Be a church with small groups, not a church of small groups

Sam Allberry | July 13th 2016

Many churches run some kind of small-group ministry. Groups of this sort of size (typically ten or so believers) tend to be one of the best contexts for discussion of Scripture, and for sharing needs for support and prayer. During a main Sunday gathering there might not be the same kind of opportunity to interact at this level. Small groups tend to be where some of the most vital “one another” ministry takes place. Relationships are deepened, insights are shared, and problems and difficulties in life are discussed and addressed.

Because of all this, it can be easy for such a group to become the main focus of its members’ spiritual lives. The group becomes, in effect, church.

While this is understandable, it is not desirable. Small groups should not become a replacement for the main church meeting. If your small group becomes your church, you are missing out. It is worth noting that in some contexts where there are not many believers, churches are small enough to function much as a small group does. The Bible does not prescribe what size a church must be. What we are discussing here is not whether healthy churches can be small groups of people—they can—but whether small groups can be a substitute for church—they shouldn’t be.

Why not? First, because being a whole church family is also a way of demonstrating who it is that God has reconciled to himself. Our small groups do not likely reflect the whole range of ages and backgrounds that are included in the wider church family. But our Sunday gatherings do, and this is significant.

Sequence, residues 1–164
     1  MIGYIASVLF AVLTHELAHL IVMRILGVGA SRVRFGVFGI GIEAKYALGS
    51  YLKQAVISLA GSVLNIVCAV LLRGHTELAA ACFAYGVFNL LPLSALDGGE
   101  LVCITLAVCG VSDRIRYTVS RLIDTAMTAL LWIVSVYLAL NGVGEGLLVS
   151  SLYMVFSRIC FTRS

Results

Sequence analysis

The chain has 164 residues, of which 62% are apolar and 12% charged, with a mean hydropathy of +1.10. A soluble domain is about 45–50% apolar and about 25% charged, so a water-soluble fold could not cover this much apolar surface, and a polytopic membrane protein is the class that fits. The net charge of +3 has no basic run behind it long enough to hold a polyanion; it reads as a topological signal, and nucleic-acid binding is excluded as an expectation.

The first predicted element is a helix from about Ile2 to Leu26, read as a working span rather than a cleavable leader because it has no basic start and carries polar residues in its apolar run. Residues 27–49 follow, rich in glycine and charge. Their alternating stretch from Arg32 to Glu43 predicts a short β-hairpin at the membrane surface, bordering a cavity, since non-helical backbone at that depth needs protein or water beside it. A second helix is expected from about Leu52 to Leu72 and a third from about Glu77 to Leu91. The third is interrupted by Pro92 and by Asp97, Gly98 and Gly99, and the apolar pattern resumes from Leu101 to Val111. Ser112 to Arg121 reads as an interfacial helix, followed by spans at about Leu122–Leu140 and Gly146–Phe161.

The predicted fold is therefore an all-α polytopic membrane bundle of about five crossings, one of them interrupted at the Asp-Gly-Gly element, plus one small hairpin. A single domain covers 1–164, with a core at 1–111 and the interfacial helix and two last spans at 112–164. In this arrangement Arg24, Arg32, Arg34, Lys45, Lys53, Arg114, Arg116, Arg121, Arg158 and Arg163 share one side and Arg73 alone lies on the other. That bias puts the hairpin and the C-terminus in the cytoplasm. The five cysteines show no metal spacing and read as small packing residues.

Second, the scope of what a small group can do is hindered precisely because it is a small group. A church is a body made up of many parts, with each part playing a distinct role in the life of the body. Within a small group there will not be the full range of gifts and ministries that are present in the wider church family.

Third, the small group is not led in the way a church is. So it cannot make a final call on an issue of doctrine or behavior that the recognized leadership of the church is responsible for. It cannot share the Lord’s Supper in a way that speaks of the unity of the whole church.

We want to be in a church with small groups, not a church of small groups.

Small groups can therefore be a terrific supplement to the gathered life of the church, but they should never be a replacement for it. We want to be in a church with small groups, not a church of small groups. The main centre of church life is the whole gathering, not the small groupings.

This article is taken from Why bother with church? And other questions about why you need it and why it needs you by Sam Allberry.

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Sam Allberry

Sam studied theology at Wycliffe Hall in Oxford and has served on staff at St Ebbe's Church, Oxford, and St Mary's, Maidenhead. He is now based at Immanuel Church, Nashville. A popular conference speaker, Sam has written several books, including What God Has To Say About Our Bodies, Why Does God Care Who I Sleep With?, and 7 Myths About Singleness.

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